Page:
Materials and Methods
Vanadium reduction method

Sulfanilamide, NEDD, VCl3 , sodium NO2 , sodium nitrate, calcium chloride, and hydrochloric acid, were all purchased from either SigmaAldrich or Thermo Fisher Scientific. All chemicals were reagent plus grade (assay >99%) and were used without further purification. Vanadium (III) chloride tends to generate corrosive fumes, especially when exposed to moist air. Hence, absorption of water vapor into the VCl3 bottle was minimized by storing in the dark and keeping the opened bottle inside a sealed vacuum desiccator with ample amount of anhydrous calcium sulfate desiccant.

To prepare the solution, 0.5 g VCl3 were added to 200 mL 0.5 M HCl. Oxidation of VCl3 was reduced by weighing VCl3 directly into the flask with 200 mL 0.5 M HCl in a hood. The solution was briefly shaken to dissolve VCl3 , and any un-dissolved particles were filtered through a 0.45µm pore size cellulose acetate syringe filter. Since VCl3 is not classified as harmful to the environment or toxic (supplier SDS data), there were no excessive precautions needed in preparing the reagent. Next, 0.2 g sulfanilamide and 0.01g NEDD were added to the VCl3 solution. This reagent is stable for up to two weeks if stored at 4℃ [11,14].

For water samples with levels ranging from 0.3 to 10 mg NO3 -N L-1, 100 µL sample aliquots and 800 µL VCl3 reagents were transferred and mixed directly in 3-mL semi-micro cuvettes (Brandtech Scientific Inc., CT, USA). For concentrations >10 mg NO3 -N L-1, a 1 mL sample aliquot was diluted five to 10 times (depending on the concentration) prior to addition of VCl3 reagent. Immediately after chemical reagent addition, indophenol blue color was developed at room temperature (20-25℃). The color was stable for about 48 h. Absorbance measurements were made at 540 nm using a UV/VIS Model 1800 spectrophotometer (Shimadzu, Inc., Japan). Since VCl3 method is based on reduction of nitrate to nitrite, the presence of nitrite in water samples was also determined by analyzing the same water samples using the same method and reagent but without vanadium in the mixture. Hence, to determine the nitrate levels in the water samples, the nitrite measured without vanadium reagent was subtracted from the nitrite analyzed by reagent with vanadium (III) chloride.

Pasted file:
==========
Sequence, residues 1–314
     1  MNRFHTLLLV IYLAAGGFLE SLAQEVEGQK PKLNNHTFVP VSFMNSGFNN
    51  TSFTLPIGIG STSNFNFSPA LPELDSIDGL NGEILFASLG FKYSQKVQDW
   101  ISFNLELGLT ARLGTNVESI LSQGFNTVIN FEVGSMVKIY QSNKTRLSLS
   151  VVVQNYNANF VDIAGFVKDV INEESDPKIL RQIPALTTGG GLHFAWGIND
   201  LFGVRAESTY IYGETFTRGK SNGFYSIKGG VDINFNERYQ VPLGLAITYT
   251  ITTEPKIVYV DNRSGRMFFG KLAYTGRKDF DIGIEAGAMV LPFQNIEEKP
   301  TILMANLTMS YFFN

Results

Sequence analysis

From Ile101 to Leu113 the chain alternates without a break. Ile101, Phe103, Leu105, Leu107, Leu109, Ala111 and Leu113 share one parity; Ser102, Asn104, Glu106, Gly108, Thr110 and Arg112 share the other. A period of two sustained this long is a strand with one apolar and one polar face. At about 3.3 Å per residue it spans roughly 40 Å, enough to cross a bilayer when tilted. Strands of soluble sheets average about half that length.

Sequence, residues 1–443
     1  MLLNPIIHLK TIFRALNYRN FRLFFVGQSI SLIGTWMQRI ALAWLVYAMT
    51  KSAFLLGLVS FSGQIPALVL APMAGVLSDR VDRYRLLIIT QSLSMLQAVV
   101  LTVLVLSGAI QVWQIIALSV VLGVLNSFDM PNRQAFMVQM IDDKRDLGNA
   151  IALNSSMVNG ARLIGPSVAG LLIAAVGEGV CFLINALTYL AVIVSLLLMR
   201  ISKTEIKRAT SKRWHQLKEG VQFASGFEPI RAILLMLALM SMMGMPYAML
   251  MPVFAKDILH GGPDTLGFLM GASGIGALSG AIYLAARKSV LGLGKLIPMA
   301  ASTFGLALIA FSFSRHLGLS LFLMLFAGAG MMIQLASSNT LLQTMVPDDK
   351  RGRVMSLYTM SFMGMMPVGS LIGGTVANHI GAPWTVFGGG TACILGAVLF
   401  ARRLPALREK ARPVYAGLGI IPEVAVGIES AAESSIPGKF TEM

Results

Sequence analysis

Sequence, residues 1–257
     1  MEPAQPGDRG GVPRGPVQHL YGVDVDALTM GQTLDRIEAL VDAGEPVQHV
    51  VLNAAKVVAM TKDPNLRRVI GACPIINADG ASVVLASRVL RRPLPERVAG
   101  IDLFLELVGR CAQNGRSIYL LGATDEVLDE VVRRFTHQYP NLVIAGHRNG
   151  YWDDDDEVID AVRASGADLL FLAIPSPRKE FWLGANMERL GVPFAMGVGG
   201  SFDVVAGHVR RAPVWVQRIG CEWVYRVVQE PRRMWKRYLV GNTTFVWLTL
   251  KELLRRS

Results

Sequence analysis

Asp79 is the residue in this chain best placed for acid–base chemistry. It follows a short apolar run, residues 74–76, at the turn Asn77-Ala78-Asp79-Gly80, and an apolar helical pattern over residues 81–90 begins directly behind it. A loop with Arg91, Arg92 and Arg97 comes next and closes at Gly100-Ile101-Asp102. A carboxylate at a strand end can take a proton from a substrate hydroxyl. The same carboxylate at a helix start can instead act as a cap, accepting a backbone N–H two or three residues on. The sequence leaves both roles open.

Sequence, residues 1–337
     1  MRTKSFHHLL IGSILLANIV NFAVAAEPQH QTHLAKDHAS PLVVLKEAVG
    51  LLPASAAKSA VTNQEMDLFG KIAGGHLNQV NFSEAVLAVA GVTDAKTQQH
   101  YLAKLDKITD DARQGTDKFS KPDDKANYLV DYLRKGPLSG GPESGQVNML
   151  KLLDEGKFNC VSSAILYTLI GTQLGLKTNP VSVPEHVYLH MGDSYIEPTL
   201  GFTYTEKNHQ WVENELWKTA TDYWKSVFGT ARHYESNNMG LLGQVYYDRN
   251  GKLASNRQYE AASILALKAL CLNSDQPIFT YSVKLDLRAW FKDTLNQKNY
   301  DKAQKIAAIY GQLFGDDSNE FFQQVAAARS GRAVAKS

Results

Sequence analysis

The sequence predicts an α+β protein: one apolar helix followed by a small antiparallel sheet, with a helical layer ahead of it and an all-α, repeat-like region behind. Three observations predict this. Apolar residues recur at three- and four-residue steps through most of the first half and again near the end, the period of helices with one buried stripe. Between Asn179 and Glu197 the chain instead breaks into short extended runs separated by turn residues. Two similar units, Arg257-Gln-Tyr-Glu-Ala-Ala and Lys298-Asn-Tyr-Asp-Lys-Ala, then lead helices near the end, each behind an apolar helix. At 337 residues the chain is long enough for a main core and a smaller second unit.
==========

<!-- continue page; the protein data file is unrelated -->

Cadmium reduction method

A 25 mL sample aliquot, a HACH®DR/890 colorimeter (Loveland, CO, USA) and HACH colorimeter nutrient commercial standard reagent pillows were used. A NitraVer 6 NO3 reagent powder pillow was added to 15 mL of sample in a sample cell, and the mixture was shaken vigorously for 3 minutes. Cadmium metal in the pillow reduced NO3 present in the sample to NO2 . After 2 min of complete reaction, 10 mL of the resultant solution was transferred to an empty sample cell and the contents of a NitriVer 3 NO2 reagent powder pillow were added. Nitrite ion reacts in an acidic medium with sulfanilic acid to form an intermediate diazonium salt which combines with chromotropic acid to form a pink-colored product. The pink color development was maximum after 15 min and absorbance reading was measured at 520 nm using a HACH®DR/890 colorimeter (Loveland, CO, USA). The remaining 10 mL sample aliquot from the original 25 mL sample was used as the blank sample. Blank samples were measured at every color measurement of sample.

Limits of detection and determination

To establish limits of detection and determination for the VCl3 method, blanks with various matrices (deionized water and salt solutions were utilized). Using a sample to reagent ratio of 1:8, 100 µL of water sample aliquot or 100 µL aliquot of 0.1 M CaCl2 solution and 800 µL of VCl3 reagent were transferred and mixed in a 3-mL semi-microcuvette. For each matrix (water or CaCl2 solution), 10 blank samples were prepared and allowed to stand for 8 h at 25℃ for maximum color development. Next, absorbance was measured at 540 nm using a UV/VIS 1800 spectrophotometer (Shimadzu, Inc, Japan).

Limit of detection, LD, defined as the lowest analyte concentration reliably distinguished from analytical noise (signal produced in the absence of NO3 ), was estimated using Equation 1 as described by Currie [15].

\[{L_D} = 4.65 \times {\partial _B}\,\,\,\,\,\,\,\,\,\,\,\,[1]\]

Where∂B is standard deviation of NO3 concentrations (mg NO3 -N L-1) of 10 blank samples. Limit of determination (quantitation), LQ, defined as the lowest analyte concentration reliably distinguished and yielding a satisfactory quantitative estimate was used with a statistical level of confidence set at 95%, standard deviation of 10% and random errors being normally distributed. The LQ of vanadium reduction method was estimated using Equation 2 as described by Currie [15].

\[{L_D} = 14.1 \times {\partial _B}\,\,\,\,\,\,\,\,\,\,\,\,[2]\]

Standard tests of known matrices

Nitrate-N standard curves were prepared in two matrices; namely deionized water and 0.01M CaCl2 . The 0.01 M CaCl2 was chosen in addition to deionized water because CaCl2 -solution mimics the presence of salts in soil solution concentrations and irrigation water [16,17]. Calcium is a major cation available in soil adsorption complex and exchange processes that can easily be desorbed in soil water. Absorbance values of standards prepared with 0.01 M CaCl2 matrix were compared to standards prepared in deionized water to assess any matrix interference with maximum color development. A 1,000 mg NO3 -N L-1 stock solution was prepared by dissolving 1.37 g of NaNO3 in 1 L of deionized water. A low standard range (0 mg NO3 -N L-1, 0.2 mg NO3 -N L-1, 0.4 mg NO3 -N L-1, and 1.6 mg NO3 -N L-1) and a sample to reagent ratio of 1:8 were used in this study, as recommended by Doane and Horwath (2003) [14]. Nitrate-N standard concentrations were analyzed using the vanadium reduction method. Ten replicates of standards were prepared at three separate times and solution absorbance was measured at room temperature (25℃) after approximately 8 h, within which maximum color development was reached. Zero absorbance was set using the corresponding blanks for both matrices.